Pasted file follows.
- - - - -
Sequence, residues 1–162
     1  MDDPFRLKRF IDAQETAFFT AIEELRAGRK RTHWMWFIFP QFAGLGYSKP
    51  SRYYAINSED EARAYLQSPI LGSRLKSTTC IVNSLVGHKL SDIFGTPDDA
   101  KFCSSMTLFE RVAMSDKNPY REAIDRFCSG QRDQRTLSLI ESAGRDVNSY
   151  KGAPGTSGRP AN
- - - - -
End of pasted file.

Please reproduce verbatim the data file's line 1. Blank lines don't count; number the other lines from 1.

Sequence, residues 1–162